Jaundice in Cats

Pet Tales
by Barry B. Burtis D.V.M.

Black, white, tri-colour, gray, sable, champagne, tortoiseshell, seal-point, ginger and many more, both singly and as combinations, are the colours they come in. Yes, you can find a cat in just about any colour you prefer. However, if you are a cat lover there is one colour of cat you do not want to have and that colour is yellow. I want to explain why a yellow cat is not good.

I should be more specific and say that there are particular places where yellow is bad. The sclera is the white area of the eyeball. The mucus membranes are the tissues that line various body cavities that are exposed to the external environment and internal organs. In several places, mucus membranes are continuous with the skin - at the nostrils, lips, ears, genital area and the anus. If you notice any hint of the colour yellow in the sclera, the mucus membranes or the skin of your cat, you need to contact your veterinarian immediately.

When the nice, bright white sclera or the healthy pink colour of the mouth and gums and skin of a cat becomes yellow we say it has jaundice. Icterus, probably more commonly used in medical jargon, is a synonymous term for jaundice. Jaundice is not a specific disease rather it is a condition caused by a process in the body that may be caused by various disorders.

Hemoglobin is the oxygen carrying part of red blood cells that circulate throughout the body. When red blood cells die, the hemoglobin is broken down into heme and globins. Bilirubin is a yellow breakdown product of heme. If a problem occurs somewhere in the chain of events that occurs in cat's body that helps it get rid of this breakdown product, bilirubin will accumulate, first in the blood and then in other body tissues. The body parts mentioned earlier are the tissues where this abnormal buildup of bilirubin and the resultant yellow colour is usually first noticed.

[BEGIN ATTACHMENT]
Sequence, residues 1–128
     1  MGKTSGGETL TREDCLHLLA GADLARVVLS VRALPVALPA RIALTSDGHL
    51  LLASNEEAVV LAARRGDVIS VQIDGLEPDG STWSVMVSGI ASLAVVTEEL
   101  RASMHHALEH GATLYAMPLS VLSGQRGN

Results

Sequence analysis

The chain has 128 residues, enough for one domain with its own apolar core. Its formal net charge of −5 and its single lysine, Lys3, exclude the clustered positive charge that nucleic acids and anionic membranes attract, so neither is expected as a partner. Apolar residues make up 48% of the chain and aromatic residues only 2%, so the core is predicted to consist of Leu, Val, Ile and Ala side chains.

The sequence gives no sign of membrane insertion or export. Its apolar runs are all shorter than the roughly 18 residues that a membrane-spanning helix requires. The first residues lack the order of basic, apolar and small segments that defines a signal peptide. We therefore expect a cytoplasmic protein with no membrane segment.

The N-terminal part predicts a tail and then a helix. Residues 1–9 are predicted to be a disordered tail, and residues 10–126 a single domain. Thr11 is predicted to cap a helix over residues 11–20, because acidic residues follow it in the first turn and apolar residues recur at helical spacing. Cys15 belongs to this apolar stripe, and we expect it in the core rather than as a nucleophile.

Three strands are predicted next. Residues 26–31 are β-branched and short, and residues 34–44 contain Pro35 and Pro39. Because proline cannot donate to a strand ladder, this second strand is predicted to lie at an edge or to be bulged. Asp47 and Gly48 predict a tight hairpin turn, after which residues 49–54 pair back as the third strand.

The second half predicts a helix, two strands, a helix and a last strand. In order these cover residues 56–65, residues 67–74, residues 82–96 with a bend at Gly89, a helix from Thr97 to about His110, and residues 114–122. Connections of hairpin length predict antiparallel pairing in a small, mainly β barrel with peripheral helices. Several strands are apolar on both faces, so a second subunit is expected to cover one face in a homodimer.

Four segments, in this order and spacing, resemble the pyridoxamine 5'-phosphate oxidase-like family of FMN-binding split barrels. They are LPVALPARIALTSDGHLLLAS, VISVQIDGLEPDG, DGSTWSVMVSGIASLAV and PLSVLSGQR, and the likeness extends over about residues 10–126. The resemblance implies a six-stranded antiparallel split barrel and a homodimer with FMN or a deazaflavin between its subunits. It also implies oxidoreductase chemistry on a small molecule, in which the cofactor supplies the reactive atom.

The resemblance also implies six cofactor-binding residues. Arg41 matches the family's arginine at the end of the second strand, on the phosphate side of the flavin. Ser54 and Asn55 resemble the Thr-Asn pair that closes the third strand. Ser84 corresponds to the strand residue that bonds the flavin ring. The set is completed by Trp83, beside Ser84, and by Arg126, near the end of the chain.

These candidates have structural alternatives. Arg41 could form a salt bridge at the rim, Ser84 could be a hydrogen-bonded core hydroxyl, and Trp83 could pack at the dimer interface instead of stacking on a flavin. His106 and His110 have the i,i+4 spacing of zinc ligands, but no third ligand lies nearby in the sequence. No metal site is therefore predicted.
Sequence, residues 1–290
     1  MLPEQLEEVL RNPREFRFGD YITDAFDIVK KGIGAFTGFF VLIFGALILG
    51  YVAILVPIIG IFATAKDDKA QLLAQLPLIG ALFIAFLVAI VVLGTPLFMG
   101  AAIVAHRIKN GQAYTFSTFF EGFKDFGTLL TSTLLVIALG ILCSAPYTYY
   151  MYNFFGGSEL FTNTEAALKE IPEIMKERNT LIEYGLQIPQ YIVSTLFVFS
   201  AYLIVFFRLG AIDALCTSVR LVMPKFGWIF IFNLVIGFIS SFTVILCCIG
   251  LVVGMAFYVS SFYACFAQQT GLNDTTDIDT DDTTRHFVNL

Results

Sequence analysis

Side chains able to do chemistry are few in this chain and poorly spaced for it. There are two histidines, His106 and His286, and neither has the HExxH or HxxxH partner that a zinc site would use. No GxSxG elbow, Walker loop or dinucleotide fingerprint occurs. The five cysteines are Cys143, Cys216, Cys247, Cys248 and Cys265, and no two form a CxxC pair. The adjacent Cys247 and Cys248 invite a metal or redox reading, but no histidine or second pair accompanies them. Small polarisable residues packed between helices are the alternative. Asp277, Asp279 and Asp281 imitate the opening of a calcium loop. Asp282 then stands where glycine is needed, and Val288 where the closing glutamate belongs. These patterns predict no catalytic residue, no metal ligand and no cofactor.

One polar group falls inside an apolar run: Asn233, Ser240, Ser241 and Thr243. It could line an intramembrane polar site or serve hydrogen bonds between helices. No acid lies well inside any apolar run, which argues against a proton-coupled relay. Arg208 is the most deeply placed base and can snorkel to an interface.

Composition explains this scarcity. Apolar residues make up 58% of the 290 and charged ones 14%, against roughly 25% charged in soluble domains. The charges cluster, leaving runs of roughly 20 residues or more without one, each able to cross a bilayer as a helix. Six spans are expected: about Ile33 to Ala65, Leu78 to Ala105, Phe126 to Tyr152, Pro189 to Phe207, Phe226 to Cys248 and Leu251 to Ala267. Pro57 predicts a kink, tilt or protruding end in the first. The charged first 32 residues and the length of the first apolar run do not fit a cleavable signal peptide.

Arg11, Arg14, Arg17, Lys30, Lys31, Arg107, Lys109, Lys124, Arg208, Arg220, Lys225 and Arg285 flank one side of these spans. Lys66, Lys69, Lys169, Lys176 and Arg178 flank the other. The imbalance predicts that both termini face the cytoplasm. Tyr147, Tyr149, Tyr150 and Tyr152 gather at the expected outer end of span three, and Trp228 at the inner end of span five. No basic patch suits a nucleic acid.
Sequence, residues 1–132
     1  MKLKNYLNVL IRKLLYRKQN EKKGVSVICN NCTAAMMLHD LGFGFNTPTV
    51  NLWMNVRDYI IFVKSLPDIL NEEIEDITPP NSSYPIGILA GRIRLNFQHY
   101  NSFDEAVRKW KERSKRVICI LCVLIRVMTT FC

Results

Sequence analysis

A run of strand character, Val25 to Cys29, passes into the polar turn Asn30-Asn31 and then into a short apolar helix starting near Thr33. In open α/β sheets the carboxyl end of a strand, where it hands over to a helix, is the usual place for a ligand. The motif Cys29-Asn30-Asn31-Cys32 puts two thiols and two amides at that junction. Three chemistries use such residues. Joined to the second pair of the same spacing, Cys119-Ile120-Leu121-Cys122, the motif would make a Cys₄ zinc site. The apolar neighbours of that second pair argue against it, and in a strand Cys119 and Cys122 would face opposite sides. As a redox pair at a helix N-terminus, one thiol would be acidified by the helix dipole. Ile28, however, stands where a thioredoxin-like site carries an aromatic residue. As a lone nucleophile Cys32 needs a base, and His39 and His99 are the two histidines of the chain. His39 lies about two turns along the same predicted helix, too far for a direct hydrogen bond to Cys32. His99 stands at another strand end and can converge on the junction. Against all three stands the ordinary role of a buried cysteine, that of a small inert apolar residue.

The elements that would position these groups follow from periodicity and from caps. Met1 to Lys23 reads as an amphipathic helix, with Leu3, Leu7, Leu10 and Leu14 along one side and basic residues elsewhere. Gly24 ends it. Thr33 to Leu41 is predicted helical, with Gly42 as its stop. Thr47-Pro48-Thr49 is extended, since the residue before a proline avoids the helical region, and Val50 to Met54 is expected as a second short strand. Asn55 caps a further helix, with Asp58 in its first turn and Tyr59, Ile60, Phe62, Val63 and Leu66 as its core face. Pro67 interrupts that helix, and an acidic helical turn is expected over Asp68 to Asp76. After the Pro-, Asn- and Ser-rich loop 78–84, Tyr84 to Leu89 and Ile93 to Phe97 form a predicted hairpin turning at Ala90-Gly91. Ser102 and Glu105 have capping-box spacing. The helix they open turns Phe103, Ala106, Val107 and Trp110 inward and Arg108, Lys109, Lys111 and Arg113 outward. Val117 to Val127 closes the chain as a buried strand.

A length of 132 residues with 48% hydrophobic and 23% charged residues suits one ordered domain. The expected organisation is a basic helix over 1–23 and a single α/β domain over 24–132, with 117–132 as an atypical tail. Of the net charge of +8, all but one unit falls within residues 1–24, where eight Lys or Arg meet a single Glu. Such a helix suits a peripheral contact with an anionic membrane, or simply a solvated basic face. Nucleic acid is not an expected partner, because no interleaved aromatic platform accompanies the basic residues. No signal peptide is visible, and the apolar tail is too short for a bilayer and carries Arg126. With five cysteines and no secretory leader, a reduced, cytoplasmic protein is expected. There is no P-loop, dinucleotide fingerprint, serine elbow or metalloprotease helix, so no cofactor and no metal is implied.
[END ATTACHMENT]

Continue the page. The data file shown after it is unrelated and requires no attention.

When veterinarians find a cat that is jaundiced there are several diseases that will be considered as most likely causes of the problem in this species. If something causes a massive death of red blood cells, the cat's ability to handle the large amount of bilirubin release may be overwhelmed and lead to jaundice. Cats are susceptible to several of these illnesses that affect the blood system. Infection with the feline leukemia virus or Haemobartonella, a blood parasite, can cause the death of large numbers red blood cells. Also, although less common in cats than dogs, certain immune-mediated  diseases can lead to red blood cell destruction.

At other times, bilirubin will accumulate in a cat's body when there is failure of the organ primarily involved in processing bilirubin - the liver. In most animal species that are susceptible to jaundice, it is liver problems that are most commonly involved in causing the problem. This is true for cats as well.

In the liver bilirubin is processed, moved to the gall bladder and excreted in bile. It turns out that cats are deficient in one of the enzymes that assist in this processing. Therefore they are made more susceptible to some causes of jaundice.

Hepatitis, cholangiohepatitis (inflammation of the gall bladder system, as well as the liver), feline infectious peritonitis, toxoplasmosis and lymphoma are some of the more common liver diseases that affect cats and can cause jaundice.

Finally there can be problems outside the liver that affect the processing of bilirubin and hence cause jaundice. Pancreatitis, cancer, liver parasites and rupture of the gall bladder are examples of such disorders.

Laboratory blood and urine tests, imaging with x-rays and/or ultrasound and very often biopsies of the liver are usually necessary to determine the exact cause of jaundice in a cat. Treatment will depend on the cause of the problem. Next time I want to discuss the most common cause of jaundice in cats and the measures recommended its treatment.